2021 Intergenerational report: Australia over the next 40 years

2021 Intergenerational Report

By Peter Buckingham

Department of the Treasury (Australia) – Analysis and Policy Observatory launched the 2021 Intergenerational report: Australia over the next 40 years on 28 June 2021. It can be downloaded at https://apo.org.au/node/312932

The fifth Intergenerational report came out in June 2021, from the office of, The Honourable Josh Frydenberg MP, Treasurer of the Commonwealth of Australia. Whilst it discusses many issues in detail, especially the long term economy, it places significant input into the expectations of the Government for the population changes predicted across Australia.

“The Intergenerational Report examines the long-term sustainability of current policies and how demographic, technological and other structural trends may affect the economy and the budget over the next 40 years. Past intergenerational reports have raised awareness of the demographic and other long-term challenges Australia is likely to face and the implications for economic growth and fiscal sustainability.”

It begins by acknowledging we hit a speed bump in 2020, with a basic reduction in population caused by a net migration, where 97,000 more people left the country than arrived, mainly due to the restriction on immigration. We normally see around 160,000 – 190,000 pa. immigrants settled in Australia, which basically hit zero in the last year. The expectations are to reach an immigration level of 235,000 pa. as the long term target.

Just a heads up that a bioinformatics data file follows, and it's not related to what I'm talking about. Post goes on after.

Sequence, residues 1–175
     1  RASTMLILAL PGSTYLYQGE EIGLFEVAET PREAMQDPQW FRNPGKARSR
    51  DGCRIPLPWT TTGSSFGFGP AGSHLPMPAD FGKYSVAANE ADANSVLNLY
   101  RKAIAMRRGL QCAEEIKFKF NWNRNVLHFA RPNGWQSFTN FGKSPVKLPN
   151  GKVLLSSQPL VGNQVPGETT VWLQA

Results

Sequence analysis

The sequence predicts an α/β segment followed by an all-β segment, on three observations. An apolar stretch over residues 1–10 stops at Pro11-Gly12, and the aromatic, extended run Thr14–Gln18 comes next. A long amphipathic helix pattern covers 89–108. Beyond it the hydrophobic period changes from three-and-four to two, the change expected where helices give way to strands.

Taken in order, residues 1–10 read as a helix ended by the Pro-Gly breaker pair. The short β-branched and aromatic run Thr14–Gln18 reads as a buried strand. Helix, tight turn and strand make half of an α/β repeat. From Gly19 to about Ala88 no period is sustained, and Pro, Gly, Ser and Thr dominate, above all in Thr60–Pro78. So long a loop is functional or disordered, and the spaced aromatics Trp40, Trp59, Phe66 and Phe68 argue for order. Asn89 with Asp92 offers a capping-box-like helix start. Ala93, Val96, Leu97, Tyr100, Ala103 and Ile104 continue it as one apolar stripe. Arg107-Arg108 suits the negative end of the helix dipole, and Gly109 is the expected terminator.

With all the economic and policy settings in mind, the expectation is for Australia’s population to reach 38.8 million by 2060 – 61. This is lower than previous projections (but could still be adjusted upwards by immigration). The major reasons for this slowing are:

  • COVID-19 has had a one off effect in 2020
  • Reduction in the fertility rate across Australia
  • Reduction in immigration, starting from a reduction from 190,000 (2012 – 13) to 160,000 (2019 – 20). This was then expected (by policy changes) to increase back to 190,000 in 2023 – 24, before rising slowly to 235,000 as the longer term target.

The report also discusses the need for long term immigration as our population ages and leaves the workforce, and an expected shortage of skilled workers to fill many of the jobs that have been created. Immigrants normally arrive at a reasonably young age and contribute to the workforce for many years after arrival.

Other good news for us older citizens is the increase in life expectancy, and in 2019 – 20 there were 6,400 “Centenarians”, and this is expected to increase to 40,900 by 2060 – 61. Hopefully this is one club I will be able to join!

For a much more detailed read, please visit https://apo.org.au/node/312932 or https://treasury.gov.au/sites/default/files/2021-06/p2021-182464.pdf

Previous Editions of the Intergenerational Report

05/03/2015 2015 Intergenerational report: Australia in 2055 https://apo.org.au/node/53411

01/02/2010 Intergenerational report 2010 https://apo.org.au/node/20313

01/04/2007 Intergenerational report 2007 https://apo.org.au/node/53404

14/05/2002 Intergenerational report 2002-2003 https://apo.org.au/node/53405

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